Inserting dick pics into public discourse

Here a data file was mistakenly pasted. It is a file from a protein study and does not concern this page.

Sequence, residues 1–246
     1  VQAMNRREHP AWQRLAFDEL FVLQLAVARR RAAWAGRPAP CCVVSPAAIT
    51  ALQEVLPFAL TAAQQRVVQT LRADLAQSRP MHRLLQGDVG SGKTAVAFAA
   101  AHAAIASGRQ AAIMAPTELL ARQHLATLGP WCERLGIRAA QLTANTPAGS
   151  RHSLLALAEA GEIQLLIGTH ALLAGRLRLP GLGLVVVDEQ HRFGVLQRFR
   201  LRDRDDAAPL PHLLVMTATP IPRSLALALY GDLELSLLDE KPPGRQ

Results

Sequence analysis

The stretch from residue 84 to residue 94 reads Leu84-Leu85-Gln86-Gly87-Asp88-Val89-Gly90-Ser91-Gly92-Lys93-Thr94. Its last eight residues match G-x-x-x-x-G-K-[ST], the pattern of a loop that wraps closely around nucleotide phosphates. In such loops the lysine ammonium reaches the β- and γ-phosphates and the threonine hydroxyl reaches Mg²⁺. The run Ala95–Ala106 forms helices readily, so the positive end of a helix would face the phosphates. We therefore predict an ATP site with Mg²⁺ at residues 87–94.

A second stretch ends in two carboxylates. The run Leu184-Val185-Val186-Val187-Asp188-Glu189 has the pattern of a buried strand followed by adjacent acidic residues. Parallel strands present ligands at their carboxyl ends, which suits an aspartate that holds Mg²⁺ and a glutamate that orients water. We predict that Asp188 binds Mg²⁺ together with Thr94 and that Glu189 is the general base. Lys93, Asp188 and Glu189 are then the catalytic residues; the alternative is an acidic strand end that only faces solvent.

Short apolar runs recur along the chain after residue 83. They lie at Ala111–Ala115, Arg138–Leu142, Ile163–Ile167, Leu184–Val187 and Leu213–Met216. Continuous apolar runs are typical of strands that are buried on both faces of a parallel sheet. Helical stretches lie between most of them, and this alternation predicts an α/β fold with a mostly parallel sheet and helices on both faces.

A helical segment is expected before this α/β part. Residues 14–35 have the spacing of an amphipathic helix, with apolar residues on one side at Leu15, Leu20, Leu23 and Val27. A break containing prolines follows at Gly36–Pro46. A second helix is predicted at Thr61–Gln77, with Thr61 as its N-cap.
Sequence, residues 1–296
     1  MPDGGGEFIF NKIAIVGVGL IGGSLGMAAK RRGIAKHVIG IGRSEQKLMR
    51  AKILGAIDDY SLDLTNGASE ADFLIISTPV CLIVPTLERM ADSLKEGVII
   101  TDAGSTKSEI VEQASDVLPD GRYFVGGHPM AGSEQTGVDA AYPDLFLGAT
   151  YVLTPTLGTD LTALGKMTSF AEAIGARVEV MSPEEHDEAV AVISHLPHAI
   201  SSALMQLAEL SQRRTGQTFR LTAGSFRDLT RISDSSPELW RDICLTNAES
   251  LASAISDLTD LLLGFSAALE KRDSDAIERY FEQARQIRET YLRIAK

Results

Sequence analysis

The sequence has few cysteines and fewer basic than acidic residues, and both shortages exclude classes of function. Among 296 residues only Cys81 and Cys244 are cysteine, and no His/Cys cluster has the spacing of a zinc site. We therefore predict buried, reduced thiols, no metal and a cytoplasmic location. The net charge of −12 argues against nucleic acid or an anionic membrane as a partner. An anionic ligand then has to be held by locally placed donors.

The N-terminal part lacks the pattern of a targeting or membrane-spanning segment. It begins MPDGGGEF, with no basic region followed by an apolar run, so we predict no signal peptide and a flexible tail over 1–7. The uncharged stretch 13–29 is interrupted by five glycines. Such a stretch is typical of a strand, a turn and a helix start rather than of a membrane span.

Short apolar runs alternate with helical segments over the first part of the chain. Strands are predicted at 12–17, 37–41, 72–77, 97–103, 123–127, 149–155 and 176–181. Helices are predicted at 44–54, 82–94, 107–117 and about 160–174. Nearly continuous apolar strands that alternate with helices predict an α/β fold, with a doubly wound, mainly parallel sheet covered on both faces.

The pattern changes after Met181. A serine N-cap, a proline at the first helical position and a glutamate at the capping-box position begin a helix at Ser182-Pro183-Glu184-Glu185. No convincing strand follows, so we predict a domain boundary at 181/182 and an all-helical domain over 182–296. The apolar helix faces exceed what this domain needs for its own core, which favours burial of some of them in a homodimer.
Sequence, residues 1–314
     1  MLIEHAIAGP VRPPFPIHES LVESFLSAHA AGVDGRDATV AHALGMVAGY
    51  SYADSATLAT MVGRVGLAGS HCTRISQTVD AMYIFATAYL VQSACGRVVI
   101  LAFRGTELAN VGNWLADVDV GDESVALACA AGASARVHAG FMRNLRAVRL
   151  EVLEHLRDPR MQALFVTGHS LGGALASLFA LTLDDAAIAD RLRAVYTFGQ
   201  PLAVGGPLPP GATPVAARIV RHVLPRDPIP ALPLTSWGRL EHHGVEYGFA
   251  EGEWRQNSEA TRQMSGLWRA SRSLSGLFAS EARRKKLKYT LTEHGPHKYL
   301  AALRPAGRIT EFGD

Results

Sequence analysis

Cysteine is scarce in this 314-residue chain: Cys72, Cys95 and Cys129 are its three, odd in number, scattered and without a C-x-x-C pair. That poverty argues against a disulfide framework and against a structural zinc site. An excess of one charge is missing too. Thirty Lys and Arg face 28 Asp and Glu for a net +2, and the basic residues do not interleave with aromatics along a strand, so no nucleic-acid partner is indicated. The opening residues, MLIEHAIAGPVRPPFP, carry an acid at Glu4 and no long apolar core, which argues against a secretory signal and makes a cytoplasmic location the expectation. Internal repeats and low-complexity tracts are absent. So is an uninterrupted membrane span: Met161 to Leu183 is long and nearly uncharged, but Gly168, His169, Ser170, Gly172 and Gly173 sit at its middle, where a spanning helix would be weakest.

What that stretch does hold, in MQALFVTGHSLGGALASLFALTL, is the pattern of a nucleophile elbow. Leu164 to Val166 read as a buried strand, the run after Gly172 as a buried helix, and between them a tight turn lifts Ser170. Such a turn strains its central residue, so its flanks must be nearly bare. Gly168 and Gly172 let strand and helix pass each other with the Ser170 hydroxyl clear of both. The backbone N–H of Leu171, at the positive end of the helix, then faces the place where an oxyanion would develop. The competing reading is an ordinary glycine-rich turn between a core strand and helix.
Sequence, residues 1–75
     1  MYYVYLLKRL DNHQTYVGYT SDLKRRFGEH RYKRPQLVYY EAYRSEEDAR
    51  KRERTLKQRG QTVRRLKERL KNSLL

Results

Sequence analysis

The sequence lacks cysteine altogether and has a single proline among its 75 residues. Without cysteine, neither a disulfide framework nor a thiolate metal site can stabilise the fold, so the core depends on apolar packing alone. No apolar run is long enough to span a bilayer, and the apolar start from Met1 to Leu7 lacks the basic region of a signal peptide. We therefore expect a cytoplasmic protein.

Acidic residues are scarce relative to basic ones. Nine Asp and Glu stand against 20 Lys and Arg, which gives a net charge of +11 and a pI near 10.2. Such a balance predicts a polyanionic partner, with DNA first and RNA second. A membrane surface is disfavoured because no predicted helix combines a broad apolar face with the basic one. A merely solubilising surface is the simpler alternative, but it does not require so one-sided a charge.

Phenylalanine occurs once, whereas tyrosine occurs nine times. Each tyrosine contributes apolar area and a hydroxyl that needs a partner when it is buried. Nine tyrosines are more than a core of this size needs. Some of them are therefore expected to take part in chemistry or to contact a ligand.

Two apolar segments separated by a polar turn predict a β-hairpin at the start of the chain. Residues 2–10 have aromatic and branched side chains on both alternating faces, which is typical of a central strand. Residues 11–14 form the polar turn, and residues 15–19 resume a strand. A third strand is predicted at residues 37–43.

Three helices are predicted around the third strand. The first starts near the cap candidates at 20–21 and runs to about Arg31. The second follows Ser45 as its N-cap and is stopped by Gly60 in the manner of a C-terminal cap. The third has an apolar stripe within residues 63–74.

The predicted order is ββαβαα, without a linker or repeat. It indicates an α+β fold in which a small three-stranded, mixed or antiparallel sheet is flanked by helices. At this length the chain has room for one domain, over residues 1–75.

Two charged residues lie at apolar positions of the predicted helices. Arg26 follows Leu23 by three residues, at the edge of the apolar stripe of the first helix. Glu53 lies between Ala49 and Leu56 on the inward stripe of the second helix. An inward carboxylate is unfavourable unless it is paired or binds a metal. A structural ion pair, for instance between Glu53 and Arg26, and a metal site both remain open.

Last night I spent more time than I should have watching Last Week Tonight on YouTube, including the episode featuring John Oliver’s Edward Snowden interview. A series of man-on-the-street interviews show near universal ignorance about government surveillance programs in general and the NSA leaks in particular. In a decidedly uncomfortable moment, Oliver captures Snowden’s reaction to interviewees who do not recognize his name or confuse him with Julian Assange. (Hypothetical casting directors for a hypothetical adaptation of Night Watch take note: this is what your Reg Shoe looks like.) Oliver then has Snowden explain various surveillance programs through the more personalized lens of the dick pic. In a segment which is overtly hilarious, predictable, and somewhat uncomfortable in its implications, the man-on-the-street interviews are repeated, and the possibility of spying upon communication in the dick pic genre rouses public ire. It’s a puerile, well-executed stunt, and the underlying message is one that should be taken to heart by public historians and anyone else concerned with reaching a broad audience. Making people care is all about finding the right hook. Oliver succeeded in boiling NSA surveillance down to an accessible elevator pitch and also provided an example of what it is public historians (and other public intellectuals) can do in their most effective moments.